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December 10, 2018
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JP O'Hare

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Board of Regents Advances 2019 Budget and Legislative Priorities and State Aid Request for the 2019-2020 School Year

Board of Regents Call for $2.1 Billion Increase in Funding for Schools

Proposals Focus on Equity, ESSA Implementation, Early Learning,
English Language Learners and Efficiency

The New York State Board of Regents today called for a $2.1 billion increase in Foundation aid for the 2019-2020 school year to support English Language Learners, career and technical education programs and universal prekindergarten programs.  In addition, the Board advanced a bold and comprehensive set of funding proposals to best meet the needs of every student in New York by achieving Equity, implementing Every Student Succeeds Act, supporting Early Childhood Learning and English Language Learners, and enhancing efficiency. 

“The Board of Regents and I believe that all children should have access to a high-quality education regardless of their race, where they live or where they go to school,” Board of Regents Chancellor Betty A. Rosa said.  “The priorities and proposals put forth today build on the idea that every child in every school deserves to be healthy, safe, engaged, supported and challenged; and they will ultimately allow the Department to implement programs to achieve this goal.”

“As the Department continues to work toward ensuring that every student in New York receives the best education possible, the agenda announced today will allow us to work with schools across the state to provide students with a quality education in a productive learning environment,” State Education Commissioner MaryEllen Elia said.  “An investment in our education infrastructure is an investment in our future, I look forward to working with the Legislature and the Executive as we build on the promise a of brighter future for New York’s students.”

Co-Chair of the State Aid Subcommittee Regent Beverly L. Ouderkirk said, “Providing our children with the opportunity to learn at an early age is one of the best investments we can make as a state.  Working with my colleagues on the Board of Regents, we have proposed a Foundation Aid formula that will meet the needs of school districts and enhance opportunities for students while recognizing the realities of the State’s fiscal restraints.”

Co-Chair of the State Aid Subcommittee Regent Nan Eileen Mead said, “Equity remains one of the pillars of the Board of Regents priorities.  I am confident that the State Aid proposal announced today will benefit the districts with the most need and open doors to otherwise unavailable opportunities to give all young New Yorkers a chance to thrive.”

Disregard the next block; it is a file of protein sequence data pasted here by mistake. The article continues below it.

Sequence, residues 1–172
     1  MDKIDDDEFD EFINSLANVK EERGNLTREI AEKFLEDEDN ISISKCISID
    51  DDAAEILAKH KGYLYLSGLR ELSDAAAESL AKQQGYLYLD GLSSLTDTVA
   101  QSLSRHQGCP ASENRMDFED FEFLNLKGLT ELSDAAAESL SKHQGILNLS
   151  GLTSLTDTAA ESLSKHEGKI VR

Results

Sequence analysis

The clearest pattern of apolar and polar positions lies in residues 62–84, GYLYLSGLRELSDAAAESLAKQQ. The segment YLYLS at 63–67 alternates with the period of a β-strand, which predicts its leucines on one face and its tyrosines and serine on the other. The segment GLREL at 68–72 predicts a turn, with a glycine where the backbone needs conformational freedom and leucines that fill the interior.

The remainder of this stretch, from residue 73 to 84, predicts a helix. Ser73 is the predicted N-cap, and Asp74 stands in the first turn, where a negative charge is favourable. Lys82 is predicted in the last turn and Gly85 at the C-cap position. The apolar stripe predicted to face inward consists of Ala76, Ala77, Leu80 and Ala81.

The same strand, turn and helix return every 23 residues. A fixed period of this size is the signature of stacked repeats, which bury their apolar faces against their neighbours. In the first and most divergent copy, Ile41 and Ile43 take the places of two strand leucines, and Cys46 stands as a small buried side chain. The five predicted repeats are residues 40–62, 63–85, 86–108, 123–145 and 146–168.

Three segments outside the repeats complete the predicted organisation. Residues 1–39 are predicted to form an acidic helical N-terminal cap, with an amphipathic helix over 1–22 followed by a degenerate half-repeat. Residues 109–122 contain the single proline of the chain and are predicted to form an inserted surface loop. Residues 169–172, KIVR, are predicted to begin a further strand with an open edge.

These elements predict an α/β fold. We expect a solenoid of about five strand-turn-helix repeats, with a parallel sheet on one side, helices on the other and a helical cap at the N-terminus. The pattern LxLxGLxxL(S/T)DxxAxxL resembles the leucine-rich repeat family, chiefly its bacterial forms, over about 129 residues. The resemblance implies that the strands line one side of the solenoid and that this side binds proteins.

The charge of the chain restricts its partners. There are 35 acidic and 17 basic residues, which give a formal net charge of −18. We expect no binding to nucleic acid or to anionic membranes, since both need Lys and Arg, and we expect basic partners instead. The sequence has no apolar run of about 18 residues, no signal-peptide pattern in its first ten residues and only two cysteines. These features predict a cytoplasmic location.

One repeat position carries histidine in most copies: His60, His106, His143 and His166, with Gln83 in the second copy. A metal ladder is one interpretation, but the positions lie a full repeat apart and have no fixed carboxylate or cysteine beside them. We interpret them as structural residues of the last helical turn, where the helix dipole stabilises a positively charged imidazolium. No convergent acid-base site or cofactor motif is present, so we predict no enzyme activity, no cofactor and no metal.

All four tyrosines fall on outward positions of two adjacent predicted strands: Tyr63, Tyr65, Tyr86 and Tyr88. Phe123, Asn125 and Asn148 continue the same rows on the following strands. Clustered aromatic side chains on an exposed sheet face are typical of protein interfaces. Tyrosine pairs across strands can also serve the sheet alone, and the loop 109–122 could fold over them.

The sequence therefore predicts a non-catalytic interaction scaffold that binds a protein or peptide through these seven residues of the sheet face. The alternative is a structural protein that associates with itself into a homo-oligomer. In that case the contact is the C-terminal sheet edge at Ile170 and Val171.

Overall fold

State Aid Proposal

The Regents propose $2.1 billion in additional investments in education, with $1.66 billion in aid formula increases, $410 million in statutory reimbursement-based aid increases, $25 million for the expansion of career and technical education (CTE) programs and $26 million for universal prekindergarten expansion. Most importantly, the proposal would put the state on a committed path to fully phasing-in the Foundation Aid formula.

Foundation Aid: To provide stability and predictability in the Foundation Aid formula, the Regents State Aid Proposal continues to call for the full phase-in of the formula over a three-year period by the 2021-22 school year, with the restoration of a previously-used inflationary factor that will help stabilize fluctuations in aid levels due to changes in fixed costs. These changes would provide over $1.6 billion in additional annual Foundation Aid statewide over the next three years, achieved through a combination of three targeted increases:

  • A uniform percentage phase-in increase for all districts that have a remaining phase-in;
  • A minimum increase for all districts; and
  • A new $85 million English Language Learner set-aside within Foundation Aid, to accelerate additional Foundation Aid to districts through an ELL-driven formula and will ensure that such funds are spent consistent with Commissioner’s regulations.

Statutory Reimbursement-based Aids:  Consistent with existing law and the most recent claims submitted by school districts to the Department, the Regents State Aid Proposal also includes $410 million in increases for reimbursement-based aid formulas for the 2019-2020 school year, such as Building Aid ($272 million), Transportation Aid ($77 million), BOCES Aid ($22 million), Public and Private Excess Cost Aid for special education services ($13 million), and the consolidation of prekindergarten programs ($25 million).

Career and Technical Education:  Recent years have shown reduced participation in CTE programming, even as the Board has worked to incorporate success in the most rigorous programs into the State’s graduation pathways. High-quality CTE programs are a boon to the state’s economy – as they prepare the workforce of the future with the skills employees need on the first day of work.  The Regent’s State Aid Proposal provides an expansion of CTE programs for all districts, with an increased reimbursement for BOCES-operated programs and an additional $25 million in CTE funding for non-BOCES component districts, such as the Big 5 City school districts.

Universal Prekindergarten:  Based on the recommendation of the Board of Regents, in 2017 the Governor and Legislature put the state on a path toward the consolidation of the multiple separate prekindergarten programs that existed. Building on that success, the Regents State Aid Proposal includes a total of $26 million for further expansion of programs for four-year-olds. First, $20 million would allow for the addition of 2,000 more children to be served, which would bring the overall percentage of students served in New York State to just under 70 percent. Second, $6 million would be provided for pilot programs to create a single reimbursement structure for prekindergarten inclusion programs by blending existing prekindergarten and preschool special education funding mechanisms.

The Board’s full State Aid Proposal can be found on the Department’s website.

Non-State Aid Budget and Legislative Priority Highlights

Ensure Equitable Access to High-Quality Schools and Programs for All Students:  The Regents and the Department remain committed to ensuring that all students, regardless of background, zip code, first language or disability, have equitable opportunities to prepare for college, careers and civic engagement.  The Board proposal puts forth a comprehensive agenda that will increase equity among all students through the Regents State Aid Proposal and by advancing proposals to: